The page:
Since 1998, Muruganantham has worked to develop an efficient machine to manufacture affordable sanitary pads. When the 29-year-old Muruganantham, a seemingly ordinary school dropout, realized his wife was using dirty rags during menstruation, he made a trip to the store to buy her a pad. The storekeeper secretly passed him a sanitary napkin and charged him an outrageous price that was 40 times the cost of cotton alone. Muruganantham learned firsthand why some 98 percent of Indian women go without hygiene products during their periods.
So he decided to research a solution.
As it turned out, that one simple trip to the store almost cost him his family and his reputation. Muruganantham defied social norms first simply by showing interest in a subject that carries heavy taboos but also by approaching women about their periods. Many thought Muruganantham’s research – collecting used sanitary pads and feedback from women – proved he was either perverted or possessed by an evil spirit.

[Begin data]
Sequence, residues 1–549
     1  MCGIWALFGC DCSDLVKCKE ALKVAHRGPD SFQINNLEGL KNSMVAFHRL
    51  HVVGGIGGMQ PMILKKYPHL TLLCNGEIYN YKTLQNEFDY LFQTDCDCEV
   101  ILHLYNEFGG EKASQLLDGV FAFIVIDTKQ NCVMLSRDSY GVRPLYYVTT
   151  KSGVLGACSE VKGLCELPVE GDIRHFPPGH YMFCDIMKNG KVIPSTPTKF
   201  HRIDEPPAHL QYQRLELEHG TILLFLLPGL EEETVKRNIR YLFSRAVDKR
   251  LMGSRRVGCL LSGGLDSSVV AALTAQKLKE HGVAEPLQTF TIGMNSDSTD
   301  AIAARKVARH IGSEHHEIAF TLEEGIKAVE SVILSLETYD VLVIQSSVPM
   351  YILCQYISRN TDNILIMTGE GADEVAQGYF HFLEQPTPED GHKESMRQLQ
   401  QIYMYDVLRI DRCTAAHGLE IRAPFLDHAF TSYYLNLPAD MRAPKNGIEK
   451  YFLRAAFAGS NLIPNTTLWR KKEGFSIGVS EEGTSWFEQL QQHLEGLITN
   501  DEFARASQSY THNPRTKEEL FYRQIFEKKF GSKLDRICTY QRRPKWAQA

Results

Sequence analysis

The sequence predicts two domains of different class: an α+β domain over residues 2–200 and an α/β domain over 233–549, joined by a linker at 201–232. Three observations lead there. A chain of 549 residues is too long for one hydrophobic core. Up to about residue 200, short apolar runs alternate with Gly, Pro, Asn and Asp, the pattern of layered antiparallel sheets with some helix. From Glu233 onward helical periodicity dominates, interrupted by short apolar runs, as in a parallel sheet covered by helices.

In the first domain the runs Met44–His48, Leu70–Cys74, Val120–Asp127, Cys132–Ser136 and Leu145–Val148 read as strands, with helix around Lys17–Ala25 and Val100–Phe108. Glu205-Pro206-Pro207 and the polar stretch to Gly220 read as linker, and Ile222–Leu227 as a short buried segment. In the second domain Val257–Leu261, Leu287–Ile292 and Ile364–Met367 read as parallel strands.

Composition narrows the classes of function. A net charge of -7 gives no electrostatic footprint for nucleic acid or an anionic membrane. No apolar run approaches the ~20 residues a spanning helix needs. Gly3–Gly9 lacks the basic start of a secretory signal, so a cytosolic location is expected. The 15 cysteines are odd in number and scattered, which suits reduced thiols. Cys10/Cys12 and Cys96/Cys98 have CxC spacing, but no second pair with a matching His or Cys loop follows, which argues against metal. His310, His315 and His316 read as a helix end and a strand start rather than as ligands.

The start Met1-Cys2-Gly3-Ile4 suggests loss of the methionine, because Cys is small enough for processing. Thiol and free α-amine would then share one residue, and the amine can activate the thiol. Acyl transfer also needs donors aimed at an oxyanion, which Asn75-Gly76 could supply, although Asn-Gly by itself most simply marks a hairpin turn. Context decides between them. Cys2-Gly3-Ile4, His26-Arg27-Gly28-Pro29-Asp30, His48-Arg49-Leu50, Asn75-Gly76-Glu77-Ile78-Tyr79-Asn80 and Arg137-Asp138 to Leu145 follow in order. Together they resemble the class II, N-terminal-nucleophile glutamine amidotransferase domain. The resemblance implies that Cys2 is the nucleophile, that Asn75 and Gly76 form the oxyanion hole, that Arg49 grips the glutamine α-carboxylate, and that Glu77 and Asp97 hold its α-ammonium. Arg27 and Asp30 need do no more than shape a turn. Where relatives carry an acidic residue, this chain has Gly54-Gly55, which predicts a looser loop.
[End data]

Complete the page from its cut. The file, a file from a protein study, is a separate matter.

Abandoned by his wife and mother and ostracized by his village, Muruganantham continued his project. When volunteers ran out, he even tested his experiments on himself.
After more than four years, Muruganantham developed a machine that could turn a hard cellulose board into a sterile sanitary pad – all in a simple, four-step process. Now, anyone can learn to run the machine thanks to Muruganantham’s intentionally basic design.
Muruganantham’s goal was to reach women in the most underdeveloped regions of India, where they could purchase the machine with help from nonprofits and bank loans. The machine is often met with extreme skepticism – bolstered by myths that using pads causes blindness, for example – but over time, it has provided some necessary education about menstrual health in teaching women how to use the pads.